A Family Culture of Shame
There is a significant difference between not aware and not responsible. Many adults whom I talk to about them perpetuating generational shame assert that there is no way they could know they had shamed their child in these ways because they did “the best they could.” Really? By simply duplicating their shame-based childhood pain into their own children – whether unknowingly or intentionally – they considered that the best they could do? The pain in their own lives should have been proof enough that something needed to be radically changed.
What the parents are implying is that they cannot be responsible to provide their child something their own childhood did not provide them. I won’t argue that this makes reasonable, logical sense. How can a person give away something they don’t possess? But I believe God sees it differently.
You and I always have a choice. Whether we were raised in church or in the bars; whether we had two parents, one parent, no parents, foster parents, adopted parents, or grandparents… as adults, we still have the choice to either impose our pain onto others, or find a way to do better – no matter what it takes!
If we fail to parent our children from the foundation of the love and grace of Jesus, and the truths of God’s word, then we are guilty of perpetuating generational shame for three to four generations. Our grandparents represent the first generation, our parents would be the second generation, we are the third, and our children are the fourth. The passage in Deuteronomy clearly states that God will “lay the sins of the parents upon their children; the entire family is affected–even children in the third and fourth generations.” And if you’re reading this book, there is a pretty good chance that you’re one of those four.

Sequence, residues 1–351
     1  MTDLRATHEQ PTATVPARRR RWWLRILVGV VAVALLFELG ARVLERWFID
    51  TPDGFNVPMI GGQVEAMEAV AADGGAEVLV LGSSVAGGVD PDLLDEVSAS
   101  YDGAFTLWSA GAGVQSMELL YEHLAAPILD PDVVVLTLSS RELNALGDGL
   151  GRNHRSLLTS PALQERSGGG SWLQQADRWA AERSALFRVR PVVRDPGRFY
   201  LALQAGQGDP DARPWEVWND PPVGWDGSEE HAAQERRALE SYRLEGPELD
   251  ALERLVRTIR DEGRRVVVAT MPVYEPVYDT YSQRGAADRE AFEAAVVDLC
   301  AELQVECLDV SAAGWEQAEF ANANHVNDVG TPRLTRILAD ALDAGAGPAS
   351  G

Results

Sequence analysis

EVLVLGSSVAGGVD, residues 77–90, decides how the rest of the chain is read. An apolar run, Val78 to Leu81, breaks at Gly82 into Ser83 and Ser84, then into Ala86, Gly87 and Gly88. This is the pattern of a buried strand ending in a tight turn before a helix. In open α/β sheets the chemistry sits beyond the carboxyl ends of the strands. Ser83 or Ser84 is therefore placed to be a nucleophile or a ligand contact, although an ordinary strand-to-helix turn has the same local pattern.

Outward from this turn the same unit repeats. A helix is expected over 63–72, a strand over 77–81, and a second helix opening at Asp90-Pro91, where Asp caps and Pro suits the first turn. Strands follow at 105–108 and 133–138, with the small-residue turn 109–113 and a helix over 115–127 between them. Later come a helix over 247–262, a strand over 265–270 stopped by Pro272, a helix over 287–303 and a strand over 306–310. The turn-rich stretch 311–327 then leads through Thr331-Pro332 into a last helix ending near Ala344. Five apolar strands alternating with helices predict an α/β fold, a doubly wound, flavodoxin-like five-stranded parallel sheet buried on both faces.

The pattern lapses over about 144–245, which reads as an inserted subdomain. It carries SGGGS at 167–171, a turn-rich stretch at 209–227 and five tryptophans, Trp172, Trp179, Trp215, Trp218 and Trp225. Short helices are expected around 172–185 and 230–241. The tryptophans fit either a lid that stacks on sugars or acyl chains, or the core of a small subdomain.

The Opposite Is Not Necessarily Better
Common sense might say that if we just do the opposite of the shaming we witnessed in childhood it will produce a healthy life, marriage, children, and family. The flaw in this reasoning is that, without of a person’s heart being regenerated through Christ, the opposite of shame-based is not self-worth, but rather pretentiousness and a façade created to cover up our internal toxic shame. Although it may not look as outwardly unhealthy as what was experienced in childhood, it still derives its motivations from the very same shame messages.
Shame Does Not Have to Be Passed Down
Just because we learn something doesn’t mean we are obligated to live it or to teach it. Just because our parents did not create an environment during our childhood where our soul needs could be consistently met, does not obligate us to duplicate the same patterns into our home, marriage, family, and children.
For the pattern to change, for the shaming to stop, for the generational “curse” to end, we must make some radical adjustments to our lives.
- Turn from toxic people, places, and things.
- Uncover the lies and false beliefs of our past.
- Rediscover our true identity in Jesus Christ.
- Nurture lasting hope in others.
In later blog postings, we’ll explore the twelve Bible-based principles that are essential in shifting your family tree from generations of sin, shame, and brokenness to a lasting legacy of faith, love, and grace.
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